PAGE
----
Grebe continues, “Basically, problems occur much more frequently with grease lubrication than with oil lubrication, as the mobility of a grease is limited to a desired extent and, thus, the risk of deficient lubrication phenomena is higher.” He adds, “Both of the previously mentioned operating conditions occur, for example, in the blade bearings of wind turbines—the very small pivoting movements in the case of a vibration load and the larger ones in the case of deliberate blade displacements. Vibration loads usually lead to standstill marks. All rolling bearings are at risk here that are exposed to significant vibrations and stand still for long periods of time, such as in construction machinery, pumps but also in drives and gearboxes of electric vehicles. Classic false brinelling damage is often found, for example, in greaselubricated systems that perform small positioning tasks.” 

Januszewski adds that the only way to prevent rather than alleviate false brinelling is by mechanical design to inhibit vibrations or to isolate the bearings from the source. The damage can be reduced under false brinelling conditions by ensuring that bearing elements do not rock in the same position for long periods of time, e.g., by using an auxiliary mechanism to continuously rotate machine parts in a slow, steady motion to distribute the lubricant and the wear,4 Januszewski states.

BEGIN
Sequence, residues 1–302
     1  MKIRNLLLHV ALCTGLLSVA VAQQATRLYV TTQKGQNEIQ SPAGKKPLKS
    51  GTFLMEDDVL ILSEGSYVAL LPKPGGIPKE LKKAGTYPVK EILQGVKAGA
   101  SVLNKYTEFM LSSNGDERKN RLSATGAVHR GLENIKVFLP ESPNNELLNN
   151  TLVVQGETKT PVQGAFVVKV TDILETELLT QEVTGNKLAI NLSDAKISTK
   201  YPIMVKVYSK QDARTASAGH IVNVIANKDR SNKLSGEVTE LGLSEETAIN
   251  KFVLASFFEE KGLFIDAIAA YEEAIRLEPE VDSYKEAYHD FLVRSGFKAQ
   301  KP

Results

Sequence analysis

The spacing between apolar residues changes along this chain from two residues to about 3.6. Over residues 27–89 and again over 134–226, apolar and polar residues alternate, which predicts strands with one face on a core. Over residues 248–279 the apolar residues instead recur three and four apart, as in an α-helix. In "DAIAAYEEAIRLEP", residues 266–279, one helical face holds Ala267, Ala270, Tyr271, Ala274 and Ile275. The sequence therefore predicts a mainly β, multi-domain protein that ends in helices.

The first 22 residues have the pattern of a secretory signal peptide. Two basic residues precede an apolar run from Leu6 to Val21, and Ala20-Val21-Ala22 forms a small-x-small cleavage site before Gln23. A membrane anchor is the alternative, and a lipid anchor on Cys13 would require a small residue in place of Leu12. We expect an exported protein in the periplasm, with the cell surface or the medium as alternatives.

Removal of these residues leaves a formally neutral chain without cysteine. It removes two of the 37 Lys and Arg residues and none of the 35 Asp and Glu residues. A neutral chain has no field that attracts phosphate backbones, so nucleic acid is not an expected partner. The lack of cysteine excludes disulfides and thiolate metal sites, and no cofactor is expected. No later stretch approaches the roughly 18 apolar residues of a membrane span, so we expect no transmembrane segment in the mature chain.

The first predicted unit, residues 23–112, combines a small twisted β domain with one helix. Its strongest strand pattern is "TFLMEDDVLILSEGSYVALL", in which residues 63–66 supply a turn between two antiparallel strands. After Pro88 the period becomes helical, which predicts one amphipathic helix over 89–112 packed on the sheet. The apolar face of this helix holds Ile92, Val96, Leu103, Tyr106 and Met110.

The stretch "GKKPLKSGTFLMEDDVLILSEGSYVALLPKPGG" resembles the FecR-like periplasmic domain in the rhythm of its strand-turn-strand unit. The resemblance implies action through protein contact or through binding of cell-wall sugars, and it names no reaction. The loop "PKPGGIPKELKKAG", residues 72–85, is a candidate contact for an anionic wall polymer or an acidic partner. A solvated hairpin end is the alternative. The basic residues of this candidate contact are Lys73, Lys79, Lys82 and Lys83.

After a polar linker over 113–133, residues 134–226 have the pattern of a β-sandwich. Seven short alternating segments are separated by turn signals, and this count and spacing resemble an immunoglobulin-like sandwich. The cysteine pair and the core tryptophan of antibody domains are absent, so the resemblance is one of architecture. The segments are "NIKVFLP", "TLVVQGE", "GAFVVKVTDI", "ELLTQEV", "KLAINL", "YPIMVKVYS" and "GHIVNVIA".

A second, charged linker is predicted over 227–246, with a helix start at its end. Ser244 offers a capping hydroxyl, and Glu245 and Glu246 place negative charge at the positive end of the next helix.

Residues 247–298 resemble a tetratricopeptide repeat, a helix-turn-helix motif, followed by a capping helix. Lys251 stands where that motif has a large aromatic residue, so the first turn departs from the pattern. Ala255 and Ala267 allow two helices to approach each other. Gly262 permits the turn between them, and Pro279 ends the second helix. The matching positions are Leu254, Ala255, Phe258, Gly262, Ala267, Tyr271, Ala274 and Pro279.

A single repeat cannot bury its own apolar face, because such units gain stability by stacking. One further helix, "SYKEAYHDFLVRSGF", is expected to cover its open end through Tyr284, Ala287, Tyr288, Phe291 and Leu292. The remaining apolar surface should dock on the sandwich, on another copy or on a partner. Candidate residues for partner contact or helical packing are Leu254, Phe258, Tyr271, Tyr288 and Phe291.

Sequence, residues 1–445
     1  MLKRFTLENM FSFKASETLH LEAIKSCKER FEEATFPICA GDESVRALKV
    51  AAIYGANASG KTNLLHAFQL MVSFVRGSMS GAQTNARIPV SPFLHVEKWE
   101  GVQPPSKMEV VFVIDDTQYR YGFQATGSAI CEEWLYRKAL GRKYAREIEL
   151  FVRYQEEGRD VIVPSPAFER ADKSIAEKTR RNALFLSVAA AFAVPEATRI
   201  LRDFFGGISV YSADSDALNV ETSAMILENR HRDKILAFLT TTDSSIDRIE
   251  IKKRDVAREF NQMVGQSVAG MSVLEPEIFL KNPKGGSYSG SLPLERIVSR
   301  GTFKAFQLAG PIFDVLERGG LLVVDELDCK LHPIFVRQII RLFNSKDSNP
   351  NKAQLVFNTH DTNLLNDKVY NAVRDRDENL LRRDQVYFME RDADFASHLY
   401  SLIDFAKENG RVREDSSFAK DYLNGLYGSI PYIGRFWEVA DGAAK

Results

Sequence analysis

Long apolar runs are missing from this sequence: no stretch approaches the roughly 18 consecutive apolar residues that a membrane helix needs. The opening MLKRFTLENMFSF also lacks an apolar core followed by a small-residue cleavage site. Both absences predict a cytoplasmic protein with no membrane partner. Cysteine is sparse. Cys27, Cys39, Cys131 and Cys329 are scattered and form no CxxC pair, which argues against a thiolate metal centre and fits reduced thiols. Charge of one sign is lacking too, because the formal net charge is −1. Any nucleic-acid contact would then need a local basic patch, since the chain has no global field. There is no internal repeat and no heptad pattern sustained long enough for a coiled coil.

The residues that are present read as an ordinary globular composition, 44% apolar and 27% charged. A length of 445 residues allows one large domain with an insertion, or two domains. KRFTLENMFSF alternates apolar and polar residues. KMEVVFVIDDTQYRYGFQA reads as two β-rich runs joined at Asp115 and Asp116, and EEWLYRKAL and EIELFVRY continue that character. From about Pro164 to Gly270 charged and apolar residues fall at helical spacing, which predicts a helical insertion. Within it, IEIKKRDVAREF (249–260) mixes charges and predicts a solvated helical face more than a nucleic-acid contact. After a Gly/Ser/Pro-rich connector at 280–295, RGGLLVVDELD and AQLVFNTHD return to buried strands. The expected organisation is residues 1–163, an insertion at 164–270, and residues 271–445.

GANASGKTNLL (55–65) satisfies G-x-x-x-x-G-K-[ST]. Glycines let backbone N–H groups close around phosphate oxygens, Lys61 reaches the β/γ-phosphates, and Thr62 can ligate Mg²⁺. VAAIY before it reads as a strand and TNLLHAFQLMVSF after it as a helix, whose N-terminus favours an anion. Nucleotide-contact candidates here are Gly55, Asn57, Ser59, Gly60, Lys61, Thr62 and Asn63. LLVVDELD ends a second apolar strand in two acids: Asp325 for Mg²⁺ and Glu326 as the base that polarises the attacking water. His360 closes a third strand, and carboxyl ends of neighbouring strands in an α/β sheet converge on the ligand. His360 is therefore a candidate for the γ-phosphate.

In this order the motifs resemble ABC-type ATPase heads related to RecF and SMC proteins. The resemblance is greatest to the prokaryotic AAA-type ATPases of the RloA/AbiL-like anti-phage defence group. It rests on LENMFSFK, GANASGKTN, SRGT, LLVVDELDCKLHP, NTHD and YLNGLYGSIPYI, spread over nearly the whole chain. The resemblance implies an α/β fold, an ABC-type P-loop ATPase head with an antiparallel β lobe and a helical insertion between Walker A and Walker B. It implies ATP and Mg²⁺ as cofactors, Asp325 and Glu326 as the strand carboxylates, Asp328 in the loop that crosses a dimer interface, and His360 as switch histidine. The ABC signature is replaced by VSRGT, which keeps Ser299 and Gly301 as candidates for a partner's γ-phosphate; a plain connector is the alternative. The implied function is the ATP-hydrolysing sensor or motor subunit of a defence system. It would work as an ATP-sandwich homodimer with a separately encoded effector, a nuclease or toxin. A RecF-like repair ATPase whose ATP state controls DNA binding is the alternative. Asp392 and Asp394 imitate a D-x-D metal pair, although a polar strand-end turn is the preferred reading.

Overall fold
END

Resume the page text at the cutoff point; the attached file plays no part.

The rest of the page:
Furthermore, there are some underlying mechanisms of false brinelling, and there also are ways to prevent them, says Januszewski. She explains, “An important part of the false brinelling mechanism is lubricant being pushed out of the rubbing area by a combination of the small amplitude motion between the surfaces and the high local pressure. The small amplitude of the motion can neither fully entrain lubricant nor push wear particles and reaction products out of the contact area. These lead to severe adhesive and abrasive wear conditions.” Per Januszewski, the only way to fully prevent false brinelling is to stop the motion between the surfaces by preventing or isolating the contact from vibrations. If this is not practical, then false brinelling damage can be reduced by changing the external loadings or geometry to reduce stresses or by selecting a suitable lubricant with surface preparation and contact conditions that allow for it to easily penetrate the contact.